Actually, why go through all the bother and expense of migration? Why not just pay people to give their vote to someone else? There’s a history to that, too, in rich countries like the US. If democracy is essentially a private consumption good, valued according to willingness to pay, why not let the market rule?

Behind it all, and apparently beyond the awareness of either Romer or his chronicler, is the ghost of Friedrich Hayek. The charter cities idea is warmed-over constitution of liberty à la Hayek. According to this view, a liberal, free market economy is the very embodiment of liberty, but it is under threat from the short-sighted passions of planners, populists and other usurpers. Thus societies need to be placed under a constitutional constraint that protects economic liberalism against the threat of majority rule. Hayek, of course, did not see the need for foreigners to impose this constraint. It could be enforced equally well by elements within one’s own country. He preferred a more legitimate constitutional process, but if the country happened to be Chile, the element could be Pinochet.

UPDATE: I woke up this morning thinking about the Northern Marianas. Why settle for charter cities when you can charter whole islands?

9 comments:

YourAverageEuropean said...

Brilliantly written. I couldn't agree more!

Suzan said...

Thank you for commenting on this.

I've been suspicious about the integrity bona fides of The Atlantic for years now.

And it's starting to smell.

S

Behind it all, and apparently beyond the awareness of either Romer or his chronicler, is the ghost of Friedrich Hayek. The charter cities idea is warmed-over constitution of liberty à la Hayek.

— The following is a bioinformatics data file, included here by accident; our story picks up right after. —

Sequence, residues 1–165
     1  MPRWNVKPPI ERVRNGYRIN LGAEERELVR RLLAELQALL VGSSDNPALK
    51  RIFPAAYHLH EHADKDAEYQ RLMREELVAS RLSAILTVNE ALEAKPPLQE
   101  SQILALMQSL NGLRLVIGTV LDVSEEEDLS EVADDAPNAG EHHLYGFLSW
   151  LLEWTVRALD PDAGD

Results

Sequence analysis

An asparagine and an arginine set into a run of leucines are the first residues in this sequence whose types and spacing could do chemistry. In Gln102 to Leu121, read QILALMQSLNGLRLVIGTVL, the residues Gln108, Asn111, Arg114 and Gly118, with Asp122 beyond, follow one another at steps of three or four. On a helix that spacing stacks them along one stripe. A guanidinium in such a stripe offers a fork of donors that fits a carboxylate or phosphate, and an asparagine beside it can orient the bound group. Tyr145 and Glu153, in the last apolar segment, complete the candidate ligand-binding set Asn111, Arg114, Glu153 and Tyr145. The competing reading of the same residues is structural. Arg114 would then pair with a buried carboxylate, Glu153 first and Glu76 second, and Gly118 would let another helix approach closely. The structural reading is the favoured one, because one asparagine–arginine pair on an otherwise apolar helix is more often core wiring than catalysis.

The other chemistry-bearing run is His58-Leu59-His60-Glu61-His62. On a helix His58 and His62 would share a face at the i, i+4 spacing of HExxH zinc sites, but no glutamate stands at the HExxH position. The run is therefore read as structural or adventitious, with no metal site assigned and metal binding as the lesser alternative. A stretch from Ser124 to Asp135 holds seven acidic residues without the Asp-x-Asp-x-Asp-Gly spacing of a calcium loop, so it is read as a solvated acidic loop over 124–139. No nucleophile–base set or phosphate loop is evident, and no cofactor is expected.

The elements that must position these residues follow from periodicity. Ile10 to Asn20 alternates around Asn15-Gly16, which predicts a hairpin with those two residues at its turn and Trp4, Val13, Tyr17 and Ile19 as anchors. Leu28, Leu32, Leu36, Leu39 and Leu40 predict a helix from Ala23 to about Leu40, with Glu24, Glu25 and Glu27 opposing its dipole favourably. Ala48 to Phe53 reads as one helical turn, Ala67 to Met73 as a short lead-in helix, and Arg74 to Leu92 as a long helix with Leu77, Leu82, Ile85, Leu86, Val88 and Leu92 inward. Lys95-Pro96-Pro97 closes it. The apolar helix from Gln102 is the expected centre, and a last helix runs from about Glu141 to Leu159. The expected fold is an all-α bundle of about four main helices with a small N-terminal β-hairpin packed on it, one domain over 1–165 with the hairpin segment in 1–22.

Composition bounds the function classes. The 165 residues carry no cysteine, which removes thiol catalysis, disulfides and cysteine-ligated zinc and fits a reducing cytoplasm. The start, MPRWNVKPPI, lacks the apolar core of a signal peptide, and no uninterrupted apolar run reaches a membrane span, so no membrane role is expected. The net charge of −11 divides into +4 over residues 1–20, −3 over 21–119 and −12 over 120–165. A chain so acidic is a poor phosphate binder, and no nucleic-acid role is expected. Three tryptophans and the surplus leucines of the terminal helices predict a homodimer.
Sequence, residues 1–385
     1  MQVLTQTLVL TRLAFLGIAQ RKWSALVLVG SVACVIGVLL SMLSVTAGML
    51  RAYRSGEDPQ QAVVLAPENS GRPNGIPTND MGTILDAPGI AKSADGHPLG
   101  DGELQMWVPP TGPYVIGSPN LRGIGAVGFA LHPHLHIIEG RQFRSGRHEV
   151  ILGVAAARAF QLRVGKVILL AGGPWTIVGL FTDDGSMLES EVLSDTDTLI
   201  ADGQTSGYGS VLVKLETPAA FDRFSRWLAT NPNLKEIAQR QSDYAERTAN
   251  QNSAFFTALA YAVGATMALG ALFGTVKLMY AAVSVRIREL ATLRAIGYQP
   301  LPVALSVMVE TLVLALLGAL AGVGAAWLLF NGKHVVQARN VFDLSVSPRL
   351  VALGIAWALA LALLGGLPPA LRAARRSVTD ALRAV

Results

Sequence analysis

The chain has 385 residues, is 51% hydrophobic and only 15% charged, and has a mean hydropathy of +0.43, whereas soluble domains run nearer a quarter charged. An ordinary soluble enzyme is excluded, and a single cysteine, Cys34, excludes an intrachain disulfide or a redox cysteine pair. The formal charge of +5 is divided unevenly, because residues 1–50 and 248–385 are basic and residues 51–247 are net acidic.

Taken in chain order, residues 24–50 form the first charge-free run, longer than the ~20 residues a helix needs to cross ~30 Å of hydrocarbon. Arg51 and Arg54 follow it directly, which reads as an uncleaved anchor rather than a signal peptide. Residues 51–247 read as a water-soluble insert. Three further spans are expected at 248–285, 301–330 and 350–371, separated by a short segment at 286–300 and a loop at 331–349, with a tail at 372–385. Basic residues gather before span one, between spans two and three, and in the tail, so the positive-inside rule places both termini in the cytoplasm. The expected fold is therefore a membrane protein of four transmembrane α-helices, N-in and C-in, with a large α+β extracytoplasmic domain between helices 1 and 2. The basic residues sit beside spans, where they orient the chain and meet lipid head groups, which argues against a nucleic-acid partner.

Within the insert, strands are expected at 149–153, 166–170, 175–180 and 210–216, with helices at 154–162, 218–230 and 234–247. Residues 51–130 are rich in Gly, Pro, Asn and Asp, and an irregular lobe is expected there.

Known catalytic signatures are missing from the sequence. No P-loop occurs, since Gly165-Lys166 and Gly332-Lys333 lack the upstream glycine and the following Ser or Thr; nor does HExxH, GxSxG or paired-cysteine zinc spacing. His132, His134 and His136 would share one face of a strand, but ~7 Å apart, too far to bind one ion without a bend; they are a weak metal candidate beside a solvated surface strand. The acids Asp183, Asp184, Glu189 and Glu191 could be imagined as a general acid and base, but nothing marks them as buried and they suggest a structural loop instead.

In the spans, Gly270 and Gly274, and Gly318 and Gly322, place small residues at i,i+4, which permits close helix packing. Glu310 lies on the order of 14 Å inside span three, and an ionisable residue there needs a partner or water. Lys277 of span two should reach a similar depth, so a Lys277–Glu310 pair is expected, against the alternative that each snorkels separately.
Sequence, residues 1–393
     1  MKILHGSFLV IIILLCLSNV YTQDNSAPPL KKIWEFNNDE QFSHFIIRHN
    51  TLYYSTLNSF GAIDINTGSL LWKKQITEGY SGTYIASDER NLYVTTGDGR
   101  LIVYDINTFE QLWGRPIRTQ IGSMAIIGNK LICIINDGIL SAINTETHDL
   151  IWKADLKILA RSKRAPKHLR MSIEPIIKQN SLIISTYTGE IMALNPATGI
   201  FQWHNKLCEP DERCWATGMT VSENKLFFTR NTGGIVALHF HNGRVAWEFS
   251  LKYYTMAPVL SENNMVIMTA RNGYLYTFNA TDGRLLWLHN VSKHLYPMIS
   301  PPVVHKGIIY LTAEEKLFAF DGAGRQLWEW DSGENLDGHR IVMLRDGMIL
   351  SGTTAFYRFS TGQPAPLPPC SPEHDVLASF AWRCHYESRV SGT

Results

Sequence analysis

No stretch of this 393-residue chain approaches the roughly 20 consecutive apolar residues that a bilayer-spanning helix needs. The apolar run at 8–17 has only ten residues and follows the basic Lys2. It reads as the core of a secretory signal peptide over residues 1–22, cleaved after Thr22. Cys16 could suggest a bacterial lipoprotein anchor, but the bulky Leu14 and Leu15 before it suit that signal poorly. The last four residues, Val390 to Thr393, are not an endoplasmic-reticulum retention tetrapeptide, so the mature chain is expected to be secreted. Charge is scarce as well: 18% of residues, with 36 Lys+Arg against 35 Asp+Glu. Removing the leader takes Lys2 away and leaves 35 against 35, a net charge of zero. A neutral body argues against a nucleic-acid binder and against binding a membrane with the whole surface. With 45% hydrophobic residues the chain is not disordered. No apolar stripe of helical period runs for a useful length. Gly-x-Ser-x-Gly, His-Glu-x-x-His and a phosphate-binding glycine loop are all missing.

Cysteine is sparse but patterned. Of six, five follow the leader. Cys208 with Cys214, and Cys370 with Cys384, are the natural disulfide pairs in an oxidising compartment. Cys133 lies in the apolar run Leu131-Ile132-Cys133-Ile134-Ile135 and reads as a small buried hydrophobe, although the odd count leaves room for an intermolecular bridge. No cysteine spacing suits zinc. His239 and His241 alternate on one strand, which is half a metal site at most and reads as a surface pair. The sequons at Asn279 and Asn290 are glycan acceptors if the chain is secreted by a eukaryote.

____________

Jack said...

Peter,
The article suggests what many have suspected for a while now. That is that the publisher and editor of the Atlantic are attempting to recreate the editorial content of the Atlantic Monthly, as the magazine was first entitled. This is a sly trick on their part to create the image of a fact bvased journal while focusing on literary review of fiction and similar forms of conceptual economics. Note that the Atlantic is the source of other great fiction produced by contributors such as Megan McCardle and Jeff Goldberg.

Anonymous said...

I thought the article was complete gibberish. Central planning by nasty, evil foreigners, bad, bad, bad. Planning by the local oligarchy (elected through sham local elections), good, good, good. I can take you through city after city, town after town, ruined by greedy local developers. For that matter, the rampant property speculation in Nevada, Arizona, California & Florida had nothing to do with Chinese investors & everything to do with greedy locals empowered by even more greedy Wall Street banks.

That this ugly cabal would try & impose itself on international markets is to be expected. Look at what happened in, say, Ireland. Latvia. Iceland. The excuses are not original, they are not even clever. In Africa, speculators are paying the locals to grow crops exclusively for export. Which would be colonialism, provided you can somehow distinguish what's going on overseas from what's happening right here at home.